Every statement is designed with a consumer in mind; the statement consumer is the one who reads and verifies a statement made by a principal, then takes action based on that statement. More specifically, a consumer performs these basic steps:
- Request the statement list from a specific principal
- Check to see if the list contains a given statement against a given target
- Validate that the target in the statement is the target (website or app) that you think it is
- Perform the action specified by the statement, if you choose to
Many use cases consume statements for you behind the scenes. For example, Android App Linking consumes link permission statements made by a website to enable links directly into an app. An app indicates that it agrees to be a target to any such statements by adding special code (an intent handler) in its manifest.
You can perform steps 1 and 2 above — requesting and validating a statement — in two ways: using our API or manually (using your own implementation).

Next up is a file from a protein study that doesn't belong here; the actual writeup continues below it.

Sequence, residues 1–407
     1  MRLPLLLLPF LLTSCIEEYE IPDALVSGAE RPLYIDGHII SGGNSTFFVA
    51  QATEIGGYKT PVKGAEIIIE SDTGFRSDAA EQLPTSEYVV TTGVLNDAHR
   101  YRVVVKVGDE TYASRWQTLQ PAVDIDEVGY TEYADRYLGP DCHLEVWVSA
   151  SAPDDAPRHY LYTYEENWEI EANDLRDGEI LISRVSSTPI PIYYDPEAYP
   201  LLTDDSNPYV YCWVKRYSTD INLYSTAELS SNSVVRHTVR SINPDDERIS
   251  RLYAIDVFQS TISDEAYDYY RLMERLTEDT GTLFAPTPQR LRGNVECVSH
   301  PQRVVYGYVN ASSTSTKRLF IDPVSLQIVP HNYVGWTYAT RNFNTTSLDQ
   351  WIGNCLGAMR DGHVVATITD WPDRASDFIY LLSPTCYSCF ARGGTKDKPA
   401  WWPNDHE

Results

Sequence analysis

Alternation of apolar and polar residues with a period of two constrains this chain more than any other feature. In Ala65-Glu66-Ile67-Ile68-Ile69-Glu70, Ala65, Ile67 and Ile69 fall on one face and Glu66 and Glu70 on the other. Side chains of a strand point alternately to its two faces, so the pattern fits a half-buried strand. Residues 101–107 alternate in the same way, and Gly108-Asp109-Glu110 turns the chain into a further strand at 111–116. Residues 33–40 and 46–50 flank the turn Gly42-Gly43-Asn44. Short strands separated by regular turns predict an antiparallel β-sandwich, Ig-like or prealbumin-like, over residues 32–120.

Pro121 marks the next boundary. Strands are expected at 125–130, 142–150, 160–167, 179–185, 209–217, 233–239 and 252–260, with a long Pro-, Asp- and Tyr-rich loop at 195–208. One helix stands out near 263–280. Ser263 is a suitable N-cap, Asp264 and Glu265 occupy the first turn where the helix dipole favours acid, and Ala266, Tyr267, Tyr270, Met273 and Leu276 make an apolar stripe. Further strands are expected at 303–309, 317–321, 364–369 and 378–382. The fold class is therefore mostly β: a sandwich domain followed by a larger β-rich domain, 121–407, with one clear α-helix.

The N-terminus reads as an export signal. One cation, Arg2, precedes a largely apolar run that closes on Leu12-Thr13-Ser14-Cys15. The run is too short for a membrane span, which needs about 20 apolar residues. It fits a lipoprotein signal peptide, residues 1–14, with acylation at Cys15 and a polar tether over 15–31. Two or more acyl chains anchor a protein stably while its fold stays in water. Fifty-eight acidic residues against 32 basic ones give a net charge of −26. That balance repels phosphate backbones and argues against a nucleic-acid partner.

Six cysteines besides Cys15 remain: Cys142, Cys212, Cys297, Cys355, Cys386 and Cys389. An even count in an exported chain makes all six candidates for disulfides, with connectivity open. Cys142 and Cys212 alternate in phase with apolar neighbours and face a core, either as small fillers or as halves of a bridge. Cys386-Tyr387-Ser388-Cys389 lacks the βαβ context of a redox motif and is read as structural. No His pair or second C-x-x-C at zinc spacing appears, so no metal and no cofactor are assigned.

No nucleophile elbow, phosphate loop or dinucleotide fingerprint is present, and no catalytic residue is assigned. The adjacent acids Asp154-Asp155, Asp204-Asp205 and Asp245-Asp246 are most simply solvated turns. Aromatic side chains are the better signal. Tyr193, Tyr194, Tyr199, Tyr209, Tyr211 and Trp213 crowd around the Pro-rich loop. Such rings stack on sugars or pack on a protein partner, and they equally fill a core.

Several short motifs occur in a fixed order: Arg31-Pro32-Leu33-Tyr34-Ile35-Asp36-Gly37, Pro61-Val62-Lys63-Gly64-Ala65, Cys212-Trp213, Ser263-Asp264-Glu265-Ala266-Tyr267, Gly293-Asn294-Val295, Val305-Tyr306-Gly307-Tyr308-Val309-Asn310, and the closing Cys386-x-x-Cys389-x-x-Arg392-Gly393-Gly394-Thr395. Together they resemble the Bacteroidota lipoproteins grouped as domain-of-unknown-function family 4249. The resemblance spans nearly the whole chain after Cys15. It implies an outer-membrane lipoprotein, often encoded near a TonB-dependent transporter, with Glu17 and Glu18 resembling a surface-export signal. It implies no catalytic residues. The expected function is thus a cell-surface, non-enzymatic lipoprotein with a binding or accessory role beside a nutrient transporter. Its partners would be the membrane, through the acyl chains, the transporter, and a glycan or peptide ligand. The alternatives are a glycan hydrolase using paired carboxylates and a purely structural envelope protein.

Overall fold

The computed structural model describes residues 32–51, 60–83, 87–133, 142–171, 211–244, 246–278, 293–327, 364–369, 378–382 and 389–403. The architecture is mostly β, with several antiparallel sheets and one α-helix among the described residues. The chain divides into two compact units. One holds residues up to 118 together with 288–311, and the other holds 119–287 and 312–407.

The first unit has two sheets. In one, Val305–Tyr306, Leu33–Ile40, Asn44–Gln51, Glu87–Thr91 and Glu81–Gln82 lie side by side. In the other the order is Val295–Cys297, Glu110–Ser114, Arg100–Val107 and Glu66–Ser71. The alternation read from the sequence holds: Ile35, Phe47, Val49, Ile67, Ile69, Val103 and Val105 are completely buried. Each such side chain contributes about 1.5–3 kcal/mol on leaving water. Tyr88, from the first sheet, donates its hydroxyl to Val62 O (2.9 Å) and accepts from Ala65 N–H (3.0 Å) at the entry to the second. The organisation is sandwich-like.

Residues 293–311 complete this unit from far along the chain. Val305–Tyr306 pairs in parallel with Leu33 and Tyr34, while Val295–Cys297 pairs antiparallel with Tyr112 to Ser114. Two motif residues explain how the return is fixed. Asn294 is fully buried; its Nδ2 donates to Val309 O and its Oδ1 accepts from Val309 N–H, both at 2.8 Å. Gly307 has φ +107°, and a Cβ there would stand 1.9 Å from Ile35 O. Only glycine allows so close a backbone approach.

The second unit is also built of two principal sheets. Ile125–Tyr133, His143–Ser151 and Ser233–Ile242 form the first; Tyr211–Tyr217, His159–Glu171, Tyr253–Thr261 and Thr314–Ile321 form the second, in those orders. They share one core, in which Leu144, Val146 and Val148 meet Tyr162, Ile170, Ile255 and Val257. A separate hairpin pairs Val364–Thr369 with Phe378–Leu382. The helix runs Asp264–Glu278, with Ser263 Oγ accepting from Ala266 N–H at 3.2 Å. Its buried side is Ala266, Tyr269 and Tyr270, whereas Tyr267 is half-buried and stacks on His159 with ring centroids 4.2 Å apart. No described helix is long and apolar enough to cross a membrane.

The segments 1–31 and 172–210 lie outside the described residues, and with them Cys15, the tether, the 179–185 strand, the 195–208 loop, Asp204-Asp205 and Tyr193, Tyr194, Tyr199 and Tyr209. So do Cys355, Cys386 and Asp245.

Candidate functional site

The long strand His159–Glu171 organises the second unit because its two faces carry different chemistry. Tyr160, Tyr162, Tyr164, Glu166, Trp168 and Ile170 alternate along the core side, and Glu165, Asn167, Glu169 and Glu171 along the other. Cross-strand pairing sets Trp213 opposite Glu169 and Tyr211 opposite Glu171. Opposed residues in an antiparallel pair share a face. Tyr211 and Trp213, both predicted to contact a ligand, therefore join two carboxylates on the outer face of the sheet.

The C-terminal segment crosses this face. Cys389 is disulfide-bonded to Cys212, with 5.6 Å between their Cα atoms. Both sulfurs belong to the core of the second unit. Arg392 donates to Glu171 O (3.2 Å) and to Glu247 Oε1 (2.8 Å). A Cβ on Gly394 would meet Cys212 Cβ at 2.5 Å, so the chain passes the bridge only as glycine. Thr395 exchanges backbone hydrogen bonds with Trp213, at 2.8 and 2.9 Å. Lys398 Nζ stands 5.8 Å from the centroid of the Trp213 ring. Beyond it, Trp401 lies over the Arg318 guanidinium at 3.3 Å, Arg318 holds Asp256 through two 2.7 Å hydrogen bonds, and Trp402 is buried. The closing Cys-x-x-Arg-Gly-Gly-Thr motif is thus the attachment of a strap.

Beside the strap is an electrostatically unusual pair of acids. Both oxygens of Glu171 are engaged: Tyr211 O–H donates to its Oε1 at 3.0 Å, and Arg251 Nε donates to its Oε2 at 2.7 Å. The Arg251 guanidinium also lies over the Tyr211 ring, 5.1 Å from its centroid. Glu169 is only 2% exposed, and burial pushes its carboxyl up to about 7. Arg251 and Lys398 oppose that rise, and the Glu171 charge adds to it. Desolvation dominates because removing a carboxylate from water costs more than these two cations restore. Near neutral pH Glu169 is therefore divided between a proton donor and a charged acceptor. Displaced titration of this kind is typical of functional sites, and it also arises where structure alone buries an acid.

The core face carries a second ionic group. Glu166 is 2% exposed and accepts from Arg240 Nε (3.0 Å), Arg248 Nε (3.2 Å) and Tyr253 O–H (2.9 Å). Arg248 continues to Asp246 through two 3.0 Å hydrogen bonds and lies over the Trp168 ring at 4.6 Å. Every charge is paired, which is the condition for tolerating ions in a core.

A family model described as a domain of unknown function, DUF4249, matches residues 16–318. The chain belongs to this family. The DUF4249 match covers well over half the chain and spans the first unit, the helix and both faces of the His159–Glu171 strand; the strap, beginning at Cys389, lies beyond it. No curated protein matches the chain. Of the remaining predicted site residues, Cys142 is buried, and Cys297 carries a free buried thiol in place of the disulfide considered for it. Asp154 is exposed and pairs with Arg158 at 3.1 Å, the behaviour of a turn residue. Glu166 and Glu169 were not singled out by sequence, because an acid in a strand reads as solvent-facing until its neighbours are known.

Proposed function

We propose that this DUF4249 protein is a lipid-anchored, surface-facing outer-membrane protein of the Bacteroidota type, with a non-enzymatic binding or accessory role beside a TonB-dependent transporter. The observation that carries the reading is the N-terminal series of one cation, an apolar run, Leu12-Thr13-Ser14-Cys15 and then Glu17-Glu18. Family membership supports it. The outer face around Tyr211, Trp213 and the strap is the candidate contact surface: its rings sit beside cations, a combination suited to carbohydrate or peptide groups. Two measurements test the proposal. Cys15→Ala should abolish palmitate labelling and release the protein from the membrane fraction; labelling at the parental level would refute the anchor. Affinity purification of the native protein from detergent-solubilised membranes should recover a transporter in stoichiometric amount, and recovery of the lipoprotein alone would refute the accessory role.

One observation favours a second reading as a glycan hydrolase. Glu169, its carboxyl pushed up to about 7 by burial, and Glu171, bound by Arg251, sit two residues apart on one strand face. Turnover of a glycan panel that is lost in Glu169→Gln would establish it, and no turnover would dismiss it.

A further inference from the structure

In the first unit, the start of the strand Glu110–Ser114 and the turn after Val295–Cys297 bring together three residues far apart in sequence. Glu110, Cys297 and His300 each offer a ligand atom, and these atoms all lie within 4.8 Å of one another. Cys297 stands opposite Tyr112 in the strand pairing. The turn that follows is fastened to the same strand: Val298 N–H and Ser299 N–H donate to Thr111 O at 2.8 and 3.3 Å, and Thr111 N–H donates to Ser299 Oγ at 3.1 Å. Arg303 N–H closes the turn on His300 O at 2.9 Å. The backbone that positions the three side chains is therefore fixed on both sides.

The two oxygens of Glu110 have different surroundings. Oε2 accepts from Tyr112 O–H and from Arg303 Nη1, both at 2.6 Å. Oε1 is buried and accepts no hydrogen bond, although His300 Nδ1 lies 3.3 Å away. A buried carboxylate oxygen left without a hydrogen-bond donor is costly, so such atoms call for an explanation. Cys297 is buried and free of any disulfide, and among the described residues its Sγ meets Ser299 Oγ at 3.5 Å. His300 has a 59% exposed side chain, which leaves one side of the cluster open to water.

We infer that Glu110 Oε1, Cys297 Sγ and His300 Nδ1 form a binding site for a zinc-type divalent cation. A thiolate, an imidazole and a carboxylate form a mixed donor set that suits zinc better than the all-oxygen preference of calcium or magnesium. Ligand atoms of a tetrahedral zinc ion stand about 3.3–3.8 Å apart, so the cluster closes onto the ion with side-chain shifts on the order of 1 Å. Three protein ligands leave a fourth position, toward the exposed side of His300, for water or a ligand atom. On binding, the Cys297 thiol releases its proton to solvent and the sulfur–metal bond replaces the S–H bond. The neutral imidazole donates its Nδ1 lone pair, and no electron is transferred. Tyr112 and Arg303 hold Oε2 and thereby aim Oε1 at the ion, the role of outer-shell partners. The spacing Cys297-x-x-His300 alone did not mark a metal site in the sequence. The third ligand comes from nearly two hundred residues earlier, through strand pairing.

Consuming statements using the Digital Asset Links API
The Digital Asset Links API supports two methods:
List() to find or validate statements:
Check()takes a source, target, and relationship and verifies that the source makes the submitted statement about the target.
List()lists all statements made by a given source.
Consuming statements manually
The Digital Asset Links protocol is open, so you can create an implementation of it for yourself.
To consume statements made by web sites, you can make an HTTP GET request for the corresponding statement list and parse it yourself. For example, the corresponding statement list for the web site
http://example.digitalassetlinks.org is at
To consume statements made by Android apps, you need to access the manifest of the corresponding APK package. On Android devices, this can be accomplished using the PackageManager interface.
Please pay special attention to the specific meanings of Digital Asset Links statements. Refer to the Asset Links Specification if you are unsure.